Alaska's Team Rubicon - Mission Complete

Recently Alaska's Team Rubicon partnered with the Anchorage Fire Department to sharpen their sawyer skills and help prevent wildfires. About 30 civilian and veteran members of Team Rubicon came together to learn how to use chainsaws safely and effectively while removing trees that are potentially dangerous during a wildfire. The mitigation effort helped to protect the Eagle River neighborhood from a spreading future fire by removing the hazardous fuels near homes and thinning the overly dense stand of black spruce.

The Cohesive Strategy supports the efforts of Team Rubicon across the West to engage local citizens and veterans in increasing the capacity to address wildfire issues on the landscape.

For the full story, click here

Friday, August 17, 2018

USDA Announces New Strategy to Improve Forest Conditions

The U.S. Department of Agriculture (USDA) Forest Service announced yesterday the concept of an outcome-based investment strategy that responds to the urgent national crisis of growing challenges including catastrophic wildfires, invasive species, droughts, degraded watersheds, and epidemics of forest insects and disease. 

Despite huge advances in collaborative efforts across the US to achieve ecological, social, and economic gains, they are not always coordinated across boundaries and at the scale needed to achieve lasting outcomes across broad landscapes.  The Forest Service and its partners have limited budgetary resources; even pooled, cannot begin to treat all of the landscapes in need. The belief that individual landowners and land managers can and should shoulder all responsibility for disturbance-related risks within their jurisdictions is outdated.  The risk is at scales now that are simply too great. Catastrophic wildfires and the corresponding loss of lives, homes, natural resources and other values have continued to grow.   

A new report titled Toward Shared Stewardship across Landscapes: An Outcome-based investment Strategy outlines the Forest Service plans to work more closely with states and Tribes to identify landscape-scale priorities for targeted treatments in areas with the highest payoffs. The Cohesive Strategy is prominently featured in the new strategy concept as a foundation for working with partners and stakeholders to effectively co-manage risk across broad landscapes.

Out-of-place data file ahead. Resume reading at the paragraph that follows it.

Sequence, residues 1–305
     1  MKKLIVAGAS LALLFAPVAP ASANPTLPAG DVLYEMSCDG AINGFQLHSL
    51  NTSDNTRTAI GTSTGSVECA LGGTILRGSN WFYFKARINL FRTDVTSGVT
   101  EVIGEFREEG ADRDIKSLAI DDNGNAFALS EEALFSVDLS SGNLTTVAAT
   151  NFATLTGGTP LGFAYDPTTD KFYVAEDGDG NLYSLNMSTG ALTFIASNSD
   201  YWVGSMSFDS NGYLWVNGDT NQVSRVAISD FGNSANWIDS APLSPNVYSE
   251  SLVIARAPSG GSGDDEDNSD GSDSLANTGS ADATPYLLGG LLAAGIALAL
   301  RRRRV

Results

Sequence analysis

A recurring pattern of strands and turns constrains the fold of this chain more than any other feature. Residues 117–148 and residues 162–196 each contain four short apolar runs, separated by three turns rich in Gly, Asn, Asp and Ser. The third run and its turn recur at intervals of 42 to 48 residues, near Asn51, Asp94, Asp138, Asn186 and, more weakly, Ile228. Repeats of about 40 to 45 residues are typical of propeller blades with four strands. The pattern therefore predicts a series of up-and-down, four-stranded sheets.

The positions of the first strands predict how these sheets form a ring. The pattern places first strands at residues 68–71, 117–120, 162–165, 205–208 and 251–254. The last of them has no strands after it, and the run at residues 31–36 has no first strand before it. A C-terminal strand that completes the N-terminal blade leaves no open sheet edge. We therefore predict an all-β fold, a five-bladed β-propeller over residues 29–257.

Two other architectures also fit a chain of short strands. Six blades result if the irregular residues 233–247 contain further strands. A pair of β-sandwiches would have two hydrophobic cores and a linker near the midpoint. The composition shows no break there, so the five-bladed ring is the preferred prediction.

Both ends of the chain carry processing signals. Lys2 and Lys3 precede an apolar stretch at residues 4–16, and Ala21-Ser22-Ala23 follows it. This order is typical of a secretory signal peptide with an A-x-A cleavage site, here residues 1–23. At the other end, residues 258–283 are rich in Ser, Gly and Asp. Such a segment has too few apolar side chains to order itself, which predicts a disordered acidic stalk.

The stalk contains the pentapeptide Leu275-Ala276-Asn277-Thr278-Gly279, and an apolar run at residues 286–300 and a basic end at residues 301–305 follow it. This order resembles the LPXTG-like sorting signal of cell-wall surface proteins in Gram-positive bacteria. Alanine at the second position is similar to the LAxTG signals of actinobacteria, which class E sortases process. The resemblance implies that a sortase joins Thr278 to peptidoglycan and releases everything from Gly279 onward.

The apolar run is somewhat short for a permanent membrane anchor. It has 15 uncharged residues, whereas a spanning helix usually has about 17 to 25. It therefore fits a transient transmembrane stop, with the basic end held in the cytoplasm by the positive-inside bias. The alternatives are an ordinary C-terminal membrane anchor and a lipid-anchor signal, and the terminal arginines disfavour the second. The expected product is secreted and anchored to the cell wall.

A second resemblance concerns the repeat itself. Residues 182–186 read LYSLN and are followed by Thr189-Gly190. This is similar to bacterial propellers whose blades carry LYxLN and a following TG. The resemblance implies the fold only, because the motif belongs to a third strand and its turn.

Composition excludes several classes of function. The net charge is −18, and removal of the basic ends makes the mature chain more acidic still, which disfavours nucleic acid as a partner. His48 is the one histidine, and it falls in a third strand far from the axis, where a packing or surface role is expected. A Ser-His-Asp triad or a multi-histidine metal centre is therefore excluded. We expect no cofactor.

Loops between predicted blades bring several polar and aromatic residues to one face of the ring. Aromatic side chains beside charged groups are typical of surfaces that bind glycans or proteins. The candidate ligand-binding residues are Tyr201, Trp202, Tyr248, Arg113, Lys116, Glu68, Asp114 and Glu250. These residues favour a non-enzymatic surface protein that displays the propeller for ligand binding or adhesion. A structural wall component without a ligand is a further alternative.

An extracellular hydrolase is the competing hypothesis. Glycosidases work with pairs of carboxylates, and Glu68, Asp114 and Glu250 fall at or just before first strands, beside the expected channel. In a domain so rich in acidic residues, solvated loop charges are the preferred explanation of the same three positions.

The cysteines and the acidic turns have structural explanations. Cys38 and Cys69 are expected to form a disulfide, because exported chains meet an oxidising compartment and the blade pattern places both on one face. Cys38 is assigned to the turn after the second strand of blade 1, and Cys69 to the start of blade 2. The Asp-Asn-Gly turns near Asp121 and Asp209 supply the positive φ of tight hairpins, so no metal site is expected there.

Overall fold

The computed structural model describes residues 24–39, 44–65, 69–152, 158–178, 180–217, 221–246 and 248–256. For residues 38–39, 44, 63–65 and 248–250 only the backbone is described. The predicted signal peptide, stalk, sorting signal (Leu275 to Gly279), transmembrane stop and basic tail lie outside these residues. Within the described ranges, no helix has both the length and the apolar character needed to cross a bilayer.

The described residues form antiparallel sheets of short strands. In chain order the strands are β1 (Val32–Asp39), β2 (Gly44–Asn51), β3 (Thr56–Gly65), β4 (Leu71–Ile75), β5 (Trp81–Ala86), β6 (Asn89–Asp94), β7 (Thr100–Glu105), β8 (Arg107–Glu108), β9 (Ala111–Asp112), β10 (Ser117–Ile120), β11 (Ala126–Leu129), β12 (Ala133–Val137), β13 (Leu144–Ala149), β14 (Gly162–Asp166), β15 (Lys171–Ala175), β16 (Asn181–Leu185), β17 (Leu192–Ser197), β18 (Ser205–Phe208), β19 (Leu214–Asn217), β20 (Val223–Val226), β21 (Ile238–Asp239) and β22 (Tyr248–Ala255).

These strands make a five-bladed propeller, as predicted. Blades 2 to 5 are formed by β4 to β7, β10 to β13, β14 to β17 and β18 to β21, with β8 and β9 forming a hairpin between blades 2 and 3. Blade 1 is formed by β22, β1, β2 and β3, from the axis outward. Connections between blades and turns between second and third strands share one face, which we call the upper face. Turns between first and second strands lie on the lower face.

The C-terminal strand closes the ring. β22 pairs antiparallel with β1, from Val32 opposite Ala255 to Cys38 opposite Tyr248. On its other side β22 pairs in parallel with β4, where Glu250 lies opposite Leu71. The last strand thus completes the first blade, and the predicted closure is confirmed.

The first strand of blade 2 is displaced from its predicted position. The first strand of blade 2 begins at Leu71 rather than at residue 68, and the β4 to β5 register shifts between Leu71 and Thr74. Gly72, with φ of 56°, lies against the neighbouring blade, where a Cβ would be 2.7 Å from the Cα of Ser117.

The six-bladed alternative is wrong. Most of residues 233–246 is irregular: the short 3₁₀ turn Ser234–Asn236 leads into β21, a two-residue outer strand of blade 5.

“The challenges before us require a new approach,” said Interim Forest Service Chief Vicki Christiansen. “This year Congress has given us new opportunities to stand shoulder-to-shoulder with state leaders to identify land management priorities that include mitigating wildfire risks. We will use all the tools available to us to reduce hazardous fuels, including mechanical treatments, prescribed fire, and unplanned fire in the right place at the right time, to mitigate them.”

A key component of the new strategy is to prioritize investment decisions on forest treatments in direct coordination with states and Tribes using the most advanced science tools. Targeted investments are needed at the level of shared landscapes, including partner contributions of resources.  

The concept of an outcome-based investment strategy is ground in assessing risks and tradeoffs. Co-managing fire risk means learning together about firesheds and landscapes around communities, watersheds and other values and choosing the risk reduction strategies with the highest rate of return on investments. The key is to bring stakeholders together to learn about the particular fire risks they face, examine the options for managing them and decide what actions to take. Convening and planning at multiple scales will be crucial. 

The report highlights Scenario Investment Planning based on a new data-driven tool that gives the wildland fire community the ability to manage fire risk across broad landscapes. It will allow for shared stewardship among stakeholders so they can make cross-boundary investments to increase the scope and scale of reducing fire risk and improving forest conditions in way never done before. (See our article on this cutting edge risk assessment that can be used to make these important decisions).

These concepts are not new to the Cohesive Strategy which makes three key assumptions that underlie meaningful reduction in risk:

  1. Prioritization of investment and use of resources - existing resources are used more efficiently, perhaps requiring reallocation of resources across agencies, areas or programs. 
  2. Acceptance of increased short-term risk - wildland fire is used as a tool, which carries inherent risks that must be considered in the short-term to achieve longer-term benefits.
  3. Greater collective investment - all who have a stake in the fire outcomes share the costs and level of effort necessary to redeem responsibilities for reducing risks.
Through shared stewardship, the Forest Service, States, Tribes and other partners have unprecedented opportunities to co-manage fire risk and achieve positive outcomes at the most appropriate scales. The keys will be working with partners to convene stakeholders for planning at fireshed and landscape scales, using scenario investment planning as a tool for assessing risk, evaluating tradeoffs and managing risk through targeted investments in areas with the highest payoffs. The Forest Service envisions outcomes that include resilient fire adapted landscapes, flourishing fire adapted human communities and fewer responder injuries and deaths.